//some 3rd party need geo

advantages of using norton ghost?

  canard 00:20 11 Aug 03
Locked

Pc is 98 SE and has no recovery disc. Made a backup floppy when first installed and have 3 floppies made when Norton was installed. Is this enough to see an ignoramus thro a fresh bootup or should Norton Ghost be purchased and if so which version? Is making a Ghost backup something that a somewhat below average individual can achieve without difficulty?
Help needed and appreciated.

  hugh-265156 00:29 11 Aug 03

i havnt used ghost myself but im told its very easy to use.

i use acronis true image deluxe.its also very easy to use and i got mine free of a coverdisc somewhere.click here and if i can use it anybody can believe me.

  hugh-265156 00:32 11 Aug 03

pc answers march coverdisc.

  mimram 07:57 11 Aug 03

canard

I have bee using Ghost for about a year (in the office) and it has saved me hours and hours of reformatting and reloading.

It is very simple to use but you must have either two partitions on your HDD or two HDD to have somewhere to keep the image.

Using Ghost I can restore my HDD in under 30 mins.

COme back to me if you have any queries.

  -pops- 08:03 11 Aug 03

I've not used Ghost and I did have a problem with Acronis (wouldn't restore the image). It would be worthwhile looking at Drive Image 7 which backs up whilst in Windows and is extremely easy to use and quick in both making the backup and restoring it. It takes up quite a bit of disk space though. If you have plenty of room on your disk, have a look.

Brian

  Mango Grummit 08:21 11 Aug 03

Actually Drive Image 7 only runs on Windows XP Home and Professional, as well as Windows 2000 Professional Desktop Version ...... but Drive Image 2002 is included anyway for users of Windows 95c, 98, ME and NT 4.0 Workstation. The purchase price includes both products.

I don't have Ghost but do use DI 2002. If you have more than one partition on your hard drive then you can create an image whilst remaining in windows rather than dropping to DOS.


canard, the advantage of having an image of your C drive is that never again will you have to re-format/re-install/re-load. You can completly rubbish your system and be up and running again in 15 minutes complete with all your programs/apps etc. If everyone had a drive image there would be 20 questions a day in this helproom rather than 200+.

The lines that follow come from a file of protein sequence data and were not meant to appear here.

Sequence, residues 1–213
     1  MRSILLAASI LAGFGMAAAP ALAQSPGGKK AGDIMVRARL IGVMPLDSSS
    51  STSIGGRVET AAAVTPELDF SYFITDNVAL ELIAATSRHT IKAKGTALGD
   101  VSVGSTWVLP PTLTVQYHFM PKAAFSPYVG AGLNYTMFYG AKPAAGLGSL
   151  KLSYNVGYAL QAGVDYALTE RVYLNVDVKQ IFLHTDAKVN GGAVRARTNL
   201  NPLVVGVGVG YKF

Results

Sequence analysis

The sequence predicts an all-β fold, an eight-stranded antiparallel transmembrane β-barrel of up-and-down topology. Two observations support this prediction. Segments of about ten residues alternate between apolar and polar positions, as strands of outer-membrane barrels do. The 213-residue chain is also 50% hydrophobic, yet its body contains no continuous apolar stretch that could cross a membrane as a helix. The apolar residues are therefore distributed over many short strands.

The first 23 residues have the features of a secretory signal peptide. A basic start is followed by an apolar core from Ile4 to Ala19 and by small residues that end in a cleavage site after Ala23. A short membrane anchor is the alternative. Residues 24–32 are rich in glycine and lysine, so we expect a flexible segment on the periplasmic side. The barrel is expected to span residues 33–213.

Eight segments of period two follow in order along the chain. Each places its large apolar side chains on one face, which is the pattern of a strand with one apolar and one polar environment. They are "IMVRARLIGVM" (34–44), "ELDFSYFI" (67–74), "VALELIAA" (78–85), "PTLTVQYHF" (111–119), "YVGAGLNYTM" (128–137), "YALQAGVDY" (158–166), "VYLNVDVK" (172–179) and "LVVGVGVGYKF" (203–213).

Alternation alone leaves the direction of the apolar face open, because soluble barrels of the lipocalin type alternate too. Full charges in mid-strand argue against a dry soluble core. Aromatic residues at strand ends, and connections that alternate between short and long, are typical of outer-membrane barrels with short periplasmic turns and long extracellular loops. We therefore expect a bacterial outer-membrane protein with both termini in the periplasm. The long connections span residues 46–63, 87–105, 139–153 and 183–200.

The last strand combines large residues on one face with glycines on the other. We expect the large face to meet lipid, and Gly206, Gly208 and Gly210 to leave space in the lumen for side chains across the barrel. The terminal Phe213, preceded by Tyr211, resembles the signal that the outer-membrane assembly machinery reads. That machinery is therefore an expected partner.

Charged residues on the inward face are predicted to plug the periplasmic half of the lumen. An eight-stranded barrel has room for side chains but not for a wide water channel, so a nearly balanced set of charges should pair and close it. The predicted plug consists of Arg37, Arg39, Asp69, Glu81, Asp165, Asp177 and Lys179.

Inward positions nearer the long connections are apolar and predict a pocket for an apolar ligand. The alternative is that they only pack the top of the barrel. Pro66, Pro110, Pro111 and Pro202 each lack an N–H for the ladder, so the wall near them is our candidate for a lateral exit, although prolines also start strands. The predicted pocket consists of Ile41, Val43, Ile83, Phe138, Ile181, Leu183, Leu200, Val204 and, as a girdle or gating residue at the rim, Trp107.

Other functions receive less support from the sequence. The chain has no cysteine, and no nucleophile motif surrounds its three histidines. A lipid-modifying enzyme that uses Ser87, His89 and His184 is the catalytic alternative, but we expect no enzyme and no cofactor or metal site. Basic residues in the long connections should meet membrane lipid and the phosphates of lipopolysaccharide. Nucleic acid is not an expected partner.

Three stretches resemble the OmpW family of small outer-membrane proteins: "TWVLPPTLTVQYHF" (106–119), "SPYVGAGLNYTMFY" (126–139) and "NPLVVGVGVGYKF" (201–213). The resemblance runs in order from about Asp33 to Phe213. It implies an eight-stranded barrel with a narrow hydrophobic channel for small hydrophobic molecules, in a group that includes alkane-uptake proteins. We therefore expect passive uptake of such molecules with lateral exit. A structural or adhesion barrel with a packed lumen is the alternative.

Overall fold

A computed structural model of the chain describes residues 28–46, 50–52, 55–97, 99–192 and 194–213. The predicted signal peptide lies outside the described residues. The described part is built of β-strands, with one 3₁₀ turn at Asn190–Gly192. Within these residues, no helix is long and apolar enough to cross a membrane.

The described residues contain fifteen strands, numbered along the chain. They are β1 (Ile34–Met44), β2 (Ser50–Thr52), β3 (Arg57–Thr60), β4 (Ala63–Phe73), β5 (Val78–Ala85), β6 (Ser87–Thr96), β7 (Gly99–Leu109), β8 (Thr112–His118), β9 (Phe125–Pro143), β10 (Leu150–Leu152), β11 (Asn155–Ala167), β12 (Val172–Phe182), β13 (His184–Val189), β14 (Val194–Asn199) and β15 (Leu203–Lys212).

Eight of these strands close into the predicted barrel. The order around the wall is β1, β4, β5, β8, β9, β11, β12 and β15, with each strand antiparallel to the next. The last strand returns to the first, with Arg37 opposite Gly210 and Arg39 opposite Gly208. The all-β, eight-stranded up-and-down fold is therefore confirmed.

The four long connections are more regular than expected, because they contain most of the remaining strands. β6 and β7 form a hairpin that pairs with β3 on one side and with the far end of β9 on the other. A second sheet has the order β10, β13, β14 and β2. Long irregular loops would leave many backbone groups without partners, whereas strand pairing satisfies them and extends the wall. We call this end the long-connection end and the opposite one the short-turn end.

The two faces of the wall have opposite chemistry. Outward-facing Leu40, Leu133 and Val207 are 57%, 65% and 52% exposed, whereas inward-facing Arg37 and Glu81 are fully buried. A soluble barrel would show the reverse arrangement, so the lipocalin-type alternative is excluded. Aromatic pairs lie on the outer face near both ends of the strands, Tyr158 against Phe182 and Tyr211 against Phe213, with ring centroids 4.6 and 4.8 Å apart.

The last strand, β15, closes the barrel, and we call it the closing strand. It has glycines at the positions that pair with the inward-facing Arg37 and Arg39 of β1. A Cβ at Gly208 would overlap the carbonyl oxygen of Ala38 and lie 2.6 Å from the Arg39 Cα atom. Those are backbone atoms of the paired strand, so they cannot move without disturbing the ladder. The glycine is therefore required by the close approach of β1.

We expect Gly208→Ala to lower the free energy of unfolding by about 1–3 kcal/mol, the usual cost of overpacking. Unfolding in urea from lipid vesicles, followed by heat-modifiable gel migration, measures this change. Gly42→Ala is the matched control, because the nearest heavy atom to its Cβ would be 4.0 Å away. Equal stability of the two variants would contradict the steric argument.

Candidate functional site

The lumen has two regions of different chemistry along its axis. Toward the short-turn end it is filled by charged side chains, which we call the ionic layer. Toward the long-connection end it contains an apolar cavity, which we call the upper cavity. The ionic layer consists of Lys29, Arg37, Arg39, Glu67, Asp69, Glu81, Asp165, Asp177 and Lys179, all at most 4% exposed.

Chris the Ancient 10:26 11 Aug 03

I have always kept a Norton Ghost image of my system on a separate partition (on a separate, removable HDD).

By keeping all my data files on yet another partition (backed up on the second HDD), I can ensure that my first partition on each HDD is only system.

In the unlikely (what?) event of a system problem, I can reload my backed up system in about seven minutes.

When my system has had any tweaks, updates or whatever, I leave it to run for at least a week to ten days - and if all is well, ghost that as the new backup.

The worst thing I ever did was to keep my data on the same partition as my system. You guessed it, I did a relaod of the system and lost loads of data! That was a valuable lesson!

Chris

  MichelleC 10:42 11 Aug 03

Ghost is a very good utility and can clone huge hds. However, if you haven't got a recovery disc and it's that which is needed to access a hidden recovery partition to reload or repair your os, then you still won't be able.

  Chegs ® 10:58 11 Aug 03

I have always used DI to create/restore my hdd's,only I have now upgraded my system,and I haven't found a version of backup software that can recognise the Serial ATA drives.I tried DI/Ghost/Acronis and each offers the option of backup image of my IDE hdd,but none recognise SATA(I was thinking of getting DI7,but an image of a working OS isn't going to be 100% as certain files will be in use)

  Diemmess 11:18 11 Aug 03

Ghost has saved me time and again, though like most security, having it shows a frame of mind which is less like to need it!

With Win98 it is easy to use and because it runs in DOS there are no Windows files in use and a true and reliable image is saved.

Once you have the startup floppy made by installing Ghost you really only need the floppy to run the save or restore routines. (Ghost Explorer on the HD once installed can restore single files if needed.)

  -pops- 11:25 11 Aug 03

MG is, of course, right. DI7 is for XP. Nevertheless, as MG says, DI 2002 is bundled with DI7 so you should be OK with that. The (minor) disadvantage of DI 2002 is that it works from DOS and can be a bit scary if you're not used to it. It's dead easy to use though.

Whichever you choose, make you mind up soon. It's very unwise to run a machine in the way you are doing with nothing to fall back on when* the worst happens.

*Note I've put "when" not "if"

Brian

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